By Eli Ceryak, Senior Vice President
San Francisco continues to be a painfully competitive market to secure office space, the skyline is dominated by construction cranes and tech companies have a seemingly insatiable thirst for space and workers in the city. But despite this boom, we’ve seen a jump in the amount of sublease space available since the beginning of the year. Given the roaring economy, why is there more sublease space? And how will it affect the market?
Let’s start with the data: specifically, how much sublease space is available, and how does that compare with recent history? Below, we compared statistics from three recent time periods: 1) today; 2) the beginning of this year; and 3) October 2010, when the San Francisco market bottomed out before the current boom;
|Date||Total Sublease Space||Total Direct Space||Total Available||Vacancy Rate|
In 2010, when San Francisco’s recovery started, the sublease space represented 15.5% of total vacancy (meaning 15.5% of the available space was sublease; 84.5% was available directly through landlords); at the end of 2014 it was similar at 16.4% of total vacancy, and currently it’s increased to 22.16% of total vacancy. So there’s undeniably been a surge in available sublease space over the past 6 months, particularly as it relates to total vacancy. Since 2010, San Francisco’s total vacancy rate on about 85 million square feet of space has plunged to 5.7% from 15.3%. And the amount of sublease space decreased by half from 1.7 million square feet in October 2010 to 880,000 square feet at the beginning of the year, before the recent uptick to 1.1 million square feet.
Who is putting space on the market for sublease? And why?
The larger blocks include 150,000+ sf of space that Salesforce has made available as they move people to newer space at 50 Fremont and 350 Mission, as well as 50,000 square feet that Square is subleasing as they rein in expenses prior to a potential IPO. Other large subleases are the result of mergers, with Bingham McCutchen putting 98,000sf on the market after merging with Morgan Lewis, and Conversant putting 32,000sf on the market after being acquired by Epsilon. So a significant amount of the sublease space is a result of the normal business cycle, such as mergers & acquisitions, companies unloading excess space as they move to a new & larger location, etc. What we haven’t seen – yet – is a substantial amount of early-stage technology companies or “unicorns” putting large blocks of space on the sublease market. And that would be one of the biggest indicators of cracks in the current technology boom.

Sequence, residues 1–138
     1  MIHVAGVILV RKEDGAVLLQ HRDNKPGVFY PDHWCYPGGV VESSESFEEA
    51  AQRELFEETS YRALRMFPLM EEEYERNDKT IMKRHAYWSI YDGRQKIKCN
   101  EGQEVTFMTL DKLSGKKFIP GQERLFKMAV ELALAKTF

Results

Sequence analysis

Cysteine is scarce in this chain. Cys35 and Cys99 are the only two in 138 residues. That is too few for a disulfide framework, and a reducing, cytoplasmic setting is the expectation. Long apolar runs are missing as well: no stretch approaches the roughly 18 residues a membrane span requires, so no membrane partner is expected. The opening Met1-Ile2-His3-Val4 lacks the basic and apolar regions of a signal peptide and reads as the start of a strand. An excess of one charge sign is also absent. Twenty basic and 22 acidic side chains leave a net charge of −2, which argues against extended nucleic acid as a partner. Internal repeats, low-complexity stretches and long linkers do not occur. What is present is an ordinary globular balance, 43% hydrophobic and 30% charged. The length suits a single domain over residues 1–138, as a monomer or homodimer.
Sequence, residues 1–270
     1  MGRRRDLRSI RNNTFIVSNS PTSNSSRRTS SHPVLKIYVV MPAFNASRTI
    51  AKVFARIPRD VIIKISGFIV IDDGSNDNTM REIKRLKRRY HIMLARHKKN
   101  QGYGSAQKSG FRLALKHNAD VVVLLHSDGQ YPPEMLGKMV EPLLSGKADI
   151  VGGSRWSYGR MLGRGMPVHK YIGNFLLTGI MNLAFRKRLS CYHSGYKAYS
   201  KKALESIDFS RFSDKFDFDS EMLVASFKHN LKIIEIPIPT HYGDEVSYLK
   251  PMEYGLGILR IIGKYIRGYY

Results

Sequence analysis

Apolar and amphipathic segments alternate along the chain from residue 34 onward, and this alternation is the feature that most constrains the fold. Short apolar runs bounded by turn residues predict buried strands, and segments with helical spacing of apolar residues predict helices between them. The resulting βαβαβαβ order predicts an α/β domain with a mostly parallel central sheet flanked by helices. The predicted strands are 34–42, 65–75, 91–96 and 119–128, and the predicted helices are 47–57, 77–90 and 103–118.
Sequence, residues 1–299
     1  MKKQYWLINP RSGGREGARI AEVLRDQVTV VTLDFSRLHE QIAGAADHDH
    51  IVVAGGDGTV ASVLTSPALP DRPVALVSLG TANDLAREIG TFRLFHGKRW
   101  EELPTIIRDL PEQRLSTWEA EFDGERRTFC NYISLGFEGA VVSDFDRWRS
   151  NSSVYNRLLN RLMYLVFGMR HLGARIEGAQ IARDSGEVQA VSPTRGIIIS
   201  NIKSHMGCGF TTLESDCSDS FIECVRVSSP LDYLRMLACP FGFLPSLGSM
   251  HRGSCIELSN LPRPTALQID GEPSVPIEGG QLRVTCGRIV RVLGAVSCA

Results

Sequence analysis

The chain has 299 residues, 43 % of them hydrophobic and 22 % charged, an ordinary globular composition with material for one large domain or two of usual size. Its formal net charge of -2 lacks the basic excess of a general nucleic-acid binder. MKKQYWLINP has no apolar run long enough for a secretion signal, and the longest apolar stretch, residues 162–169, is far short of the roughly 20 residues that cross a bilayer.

The turnover rate for subleases is also exceptionally high, with most sublease space sitting on the market for just 120 days before being leased. And because subleases are particularly attractive for growing technology companies – who like a shorter-term real estate commitment as they grow, without having to make a large capital investment into tenant improvements – we anticipate the available sublease space will get absorbed quickly over the remainder of the year. In fact, most of the Salesforce space is already taken or in leases, and many of the other large blocks are in subleases or reviewing multiple offers. And the big story with Salesforce isn’t that they made 150,000sf of sublease space available. It’s that the sublease space signals that the biggest consumer of office space in San Francisco, with more than 2 million square feet of new space leased over the past few years, isn’t going to be an active buyer in this market for the foreseeable future.
One challenge with sublease space, particularly if there’s a flood of it, is that the companies subleasing space are generally trying to recover a sunk cost and are motivated to get a deal done as quickly as possible, even if it means doing a “below-market” deal. So while landlords might be more patient and wait for the right tenant and a higher rent number, and don’t want to do a cheap deal that resets the market rate for their building, sublandlords will take more of a fire sale approach which can lead to a significant market correction if it happens en masse.
Perhaps the biggest potential exposure to more sublease space is the number of large technology companies moving into new buildings over the next year, including LinkedIn, Salesforce, Twitter, DropBox and Splunk. The potential for sublease space to dramatically affect the market really lies in whether these companies need all of the space they have leased with visions of big growth. If they make large blocks available in their new buildings, the effect will be far more significant than the recent, and likely short-lived, uptick we’re currently seeing.
In sum, the increase in sublease has provided a small dose of relief in a highly competitive market, but it will likely be short-lived barring aggressive moves by the city’s largest technology companies.
For additional insight, you can view our latest market report snapshots by clicking here.
Eli has 13 years’ experience as a commercial real estate broker. Mr. Ceryak has been with DTZ (formerly Cassidy Turley) since 2004. He has advised clients in a variety of indsutries, including technology, digital media, professional service firms and non-profits. His clients appreciate his creative problem solving ability and long-term view of the market. Mr. Ceryak specializes in office leasing for the San Francisco and East Bay office markets.